Charlotte Fire Chief Responds To Criticisms Of Minority Hiring Practices
Charlotte Fire Chief Jon Hannan is addressing criticism that his department has for years failed to hire minorities, especially minority women.
African-American and Hispanic women make up only slightly more than 1 percent of his employees. Among the department's 1,039 firefighters, two are African-American women. One is a Hispanic woman.
In an interview with WFAE, Hannan said the problem is not limited to Charlotte.
"Every fire department in the U.S. is challenged with this," he says, "We've been challenged with this for years."
Hannan says the department has attempted to entice minorities with recruitment efforts at CIAA events and at Historically Black Colleges and Universities (HBCUs). Yet by the time many men and women are in college, "it's almost too late for us," Hannan says, "They have an idea of what they want to do."
The fire chief also said grueling, months-long training can be a deterrent. In addition, the prospect of working as a firefighter may be unappealing.
"You're going to have on a helmet some time every day," he said, "You're not going to keep your hair nice. You can't have long fingernails. You can't have colored nail polish."
His comments come after activists publicly challenged the department's lack of diversity on multiple occasions over the last several weeks. In one notable incident, the head of the Charlotte NAACP showed up at a fire department open house and dressed down department staff in front of news cameras.
At a city council meeting this week, Linda Lockhart, hired in 1981 as the department's first African-American woman, told council members that the department's few minority women are routinely passed over for promotions.
"This has been going on for a while," said Lockhart, who still works for the department today, "We call them the untouchables, because the city council or nobody have listened to us for the last 10 years."
Hannan said the department is committed to boosting its diversity levels.
"It's important to reflect the people you serve," he said, "I mean, it's Charlotte's fire department."
- TRANSCRIPT -
NICK DE LA CANAL: Fire departments across the state are suffering from a lack of minorities in the ranks. This isn't just in Charlotte. In fact, just this week, leaders in Fayetteville called for an independent review of their fire department's hiring practices as it relate to minorities, but I want to ask, what is the issue within your department?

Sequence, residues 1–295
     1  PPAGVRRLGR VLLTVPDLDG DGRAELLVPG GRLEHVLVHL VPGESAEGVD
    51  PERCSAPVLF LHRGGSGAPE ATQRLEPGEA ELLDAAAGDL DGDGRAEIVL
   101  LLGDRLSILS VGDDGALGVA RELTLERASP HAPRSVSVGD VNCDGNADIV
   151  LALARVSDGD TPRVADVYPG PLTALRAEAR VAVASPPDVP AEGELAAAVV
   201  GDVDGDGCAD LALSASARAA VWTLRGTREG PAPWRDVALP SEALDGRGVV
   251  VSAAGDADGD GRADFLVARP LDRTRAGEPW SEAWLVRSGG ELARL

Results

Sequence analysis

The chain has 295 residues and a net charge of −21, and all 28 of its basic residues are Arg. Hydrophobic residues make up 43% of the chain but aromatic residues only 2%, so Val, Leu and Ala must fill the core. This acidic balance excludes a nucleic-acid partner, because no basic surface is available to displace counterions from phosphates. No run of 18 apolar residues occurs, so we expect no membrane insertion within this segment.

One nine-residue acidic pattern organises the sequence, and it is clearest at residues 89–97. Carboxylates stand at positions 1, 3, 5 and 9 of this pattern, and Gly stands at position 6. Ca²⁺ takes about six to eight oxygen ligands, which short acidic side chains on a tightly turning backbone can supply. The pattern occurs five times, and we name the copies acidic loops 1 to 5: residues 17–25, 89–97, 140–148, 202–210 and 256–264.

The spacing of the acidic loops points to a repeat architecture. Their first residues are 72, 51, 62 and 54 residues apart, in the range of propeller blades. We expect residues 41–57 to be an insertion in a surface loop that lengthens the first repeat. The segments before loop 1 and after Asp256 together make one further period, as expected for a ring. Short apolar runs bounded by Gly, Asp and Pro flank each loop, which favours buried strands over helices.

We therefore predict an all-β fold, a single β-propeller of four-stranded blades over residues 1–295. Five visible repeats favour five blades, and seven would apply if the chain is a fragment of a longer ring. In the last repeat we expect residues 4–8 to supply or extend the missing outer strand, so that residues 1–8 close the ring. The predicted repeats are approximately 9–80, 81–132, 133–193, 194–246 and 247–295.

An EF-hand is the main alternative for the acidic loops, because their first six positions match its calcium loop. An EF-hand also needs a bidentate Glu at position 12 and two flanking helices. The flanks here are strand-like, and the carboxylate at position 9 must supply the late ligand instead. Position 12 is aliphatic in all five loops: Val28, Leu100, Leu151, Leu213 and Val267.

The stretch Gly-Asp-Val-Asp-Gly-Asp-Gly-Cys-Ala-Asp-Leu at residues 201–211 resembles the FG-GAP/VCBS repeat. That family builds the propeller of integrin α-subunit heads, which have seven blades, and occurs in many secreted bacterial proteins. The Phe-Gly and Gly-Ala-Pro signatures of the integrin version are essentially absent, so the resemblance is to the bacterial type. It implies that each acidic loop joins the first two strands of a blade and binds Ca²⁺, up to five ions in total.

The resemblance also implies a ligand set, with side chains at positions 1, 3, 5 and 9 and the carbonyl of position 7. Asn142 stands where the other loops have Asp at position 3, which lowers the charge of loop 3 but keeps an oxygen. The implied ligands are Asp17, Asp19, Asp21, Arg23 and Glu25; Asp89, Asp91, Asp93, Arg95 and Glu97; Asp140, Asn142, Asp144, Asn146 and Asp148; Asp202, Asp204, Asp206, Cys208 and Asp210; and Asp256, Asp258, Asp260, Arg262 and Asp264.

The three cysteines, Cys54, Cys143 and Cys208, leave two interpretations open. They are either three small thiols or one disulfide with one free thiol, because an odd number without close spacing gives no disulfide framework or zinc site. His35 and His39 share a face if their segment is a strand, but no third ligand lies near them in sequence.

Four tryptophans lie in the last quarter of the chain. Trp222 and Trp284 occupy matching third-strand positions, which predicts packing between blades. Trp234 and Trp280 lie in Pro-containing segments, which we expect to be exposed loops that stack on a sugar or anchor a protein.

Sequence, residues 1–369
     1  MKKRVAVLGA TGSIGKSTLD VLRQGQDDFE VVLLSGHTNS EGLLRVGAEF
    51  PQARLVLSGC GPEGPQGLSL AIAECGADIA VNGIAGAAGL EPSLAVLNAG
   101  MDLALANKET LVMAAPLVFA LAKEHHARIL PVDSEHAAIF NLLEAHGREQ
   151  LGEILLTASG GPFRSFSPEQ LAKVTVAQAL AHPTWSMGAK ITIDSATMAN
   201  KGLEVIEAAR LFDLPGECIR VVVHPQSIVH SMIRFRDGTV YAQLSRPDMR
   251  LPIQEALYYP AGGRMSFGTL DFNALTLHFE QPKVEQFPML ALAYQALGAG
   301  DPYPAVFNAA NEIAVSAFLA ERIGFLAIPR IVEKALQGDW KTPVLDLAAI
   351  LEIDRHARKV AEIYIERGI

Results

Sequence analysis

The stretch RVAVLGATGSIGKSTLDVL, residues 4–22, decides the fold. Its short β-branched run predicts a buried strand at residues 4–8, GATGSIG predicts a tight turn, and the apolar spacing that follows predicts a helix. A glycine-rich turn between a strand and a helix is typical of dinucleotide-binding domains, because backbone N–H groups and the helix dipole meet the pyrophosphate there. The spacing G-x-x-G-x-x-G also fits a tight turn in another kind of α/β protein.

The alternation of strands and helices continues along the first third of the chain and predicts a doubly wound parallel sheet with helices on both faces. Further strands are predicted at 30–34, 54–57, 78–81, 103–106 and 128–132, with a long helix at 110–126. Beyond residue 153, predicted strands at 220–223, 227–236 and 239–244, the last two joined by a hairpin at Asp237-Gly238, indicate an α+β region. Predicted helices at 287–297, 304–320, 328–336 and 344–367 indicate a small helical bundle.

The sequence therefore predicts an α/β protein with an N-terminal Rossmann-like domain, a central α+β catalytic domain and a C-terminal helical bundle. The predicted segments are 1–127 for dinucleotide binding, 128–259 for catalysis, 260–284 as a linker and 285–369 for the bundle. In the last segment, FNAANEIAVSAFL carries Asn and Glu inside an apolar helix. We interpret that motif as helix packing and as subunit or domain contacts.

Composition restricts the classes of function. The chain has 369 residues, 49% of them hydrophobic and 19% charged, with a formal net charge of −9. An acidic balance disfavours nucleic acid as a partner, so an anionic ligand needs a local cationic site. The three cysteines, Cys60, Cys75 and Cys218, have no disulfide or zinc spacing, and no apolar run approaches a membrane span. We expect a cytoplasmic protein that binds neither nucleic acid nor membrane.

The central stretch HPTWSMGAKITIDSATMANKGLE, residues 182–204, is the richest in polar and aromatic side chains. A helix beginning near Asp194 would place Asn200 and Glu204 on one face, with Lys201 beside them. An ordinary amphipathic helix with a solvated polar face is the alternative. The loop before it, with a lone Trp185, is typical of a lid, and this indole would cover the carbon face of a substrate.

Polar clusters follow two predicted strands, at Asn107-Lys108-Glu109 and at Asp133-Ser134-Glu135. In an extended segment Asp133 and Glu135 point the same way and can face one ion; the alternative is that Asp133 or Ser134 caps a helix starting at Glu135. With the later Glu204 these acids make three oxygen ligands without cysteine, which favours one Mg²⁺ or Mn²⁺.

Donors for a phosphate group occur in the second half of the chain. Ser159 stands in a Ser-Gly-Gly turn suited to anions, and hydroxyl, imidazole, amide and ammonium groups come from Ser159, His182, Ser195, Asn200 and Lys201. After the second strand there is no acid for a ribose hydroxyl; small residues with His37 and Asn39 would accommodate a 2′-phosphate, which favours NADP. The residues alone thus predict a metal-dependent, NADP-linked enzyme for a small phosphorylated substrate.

JON HANNAN: Nick, and first, it's not even across North Carolina, it's across the United States. Every fire department in the U.S. is challenged with this, with bringing in good minority representation on their fire department.
DE LA CANAL: And so why is that?
HANNAN: You know, I'm not sure. We've been challenged with this for years. It's letting the African-American community and - newer to Charlotte - the Latino community know there's a place for them on the fire department.
DE LA CANAL: Do you think it would have anything to do with the way firefighters are hired and the way the department trains them and bring them into the department?
HANNAN: I don't know if it's so much that, it's - if you want to become a Charlotte firefighter, you sign up. You take a written test. Everyone that passes - and it's usually about 70 to 75 percent pass - they go to a physical agility test. Now, when you give the written test, you have to give them a minimum eight weeks before you put them through the physical agility test, because they have to see what there is to it, and you have to give them a chance to get ready, and you have to give them multiple opportunities to take it, because it's a tough test. But it's a tough job. We can't hire somebody as a firefighter that can't swing an axe, that can't breach a door, that can't drag another human being out of a burning building.
DE LA CANAL: Yeah, that's a very long process that takes many weeks. There's a lot of different steps - maybe takes months?
HANNAN: Yes. It does.
DE LA CANAL: Takes months. So that might be a barrier for some people. You've said that the department is starting these initiatives to bring teenagers into the department through CMS, but does the department have anything that is targeting, specifically, minorities - or minority women?
HANNAN: Yes. We work CIAA. We work the traditionally African-American colleges.
DE LA CANAL: You mean you have outreach people there?
HANNAN: Yes. Absolutely. But a lot of times where they're at the end of college. It's almost too late for us. They have an idea of what they want to do. We need to find people that are interested in this or they won't follow the process through. That's some of our problem. Recruit school is tough. The turnout gear is heavy. You're going to have a helmet on. And once you're through recruit school on a fire truck, you're going to have a helmet on some time every day, because our companies are so busy, they all run multiple calls, so - you're not going to keep your hair nice. You can't have long fingernails. You can't have colored nail polish. You've got to connect with the folks that want to do this to get them through the process and get them successfully into it.
DE LA CANAL: Why is so important - or is it important - for the Charlotte Fire Department to have minority women represented in its ranks?
HANNAN: It's important to reflect the people you serve. You want to reflect the whole demographic. Everyone. I mean, it's Charlotte's fire department.
DE LA CANAL: Jon Hannan. He's the fire chief of the Charlotte Fire Department. Thank you.
HANNAN: Thanks for having us.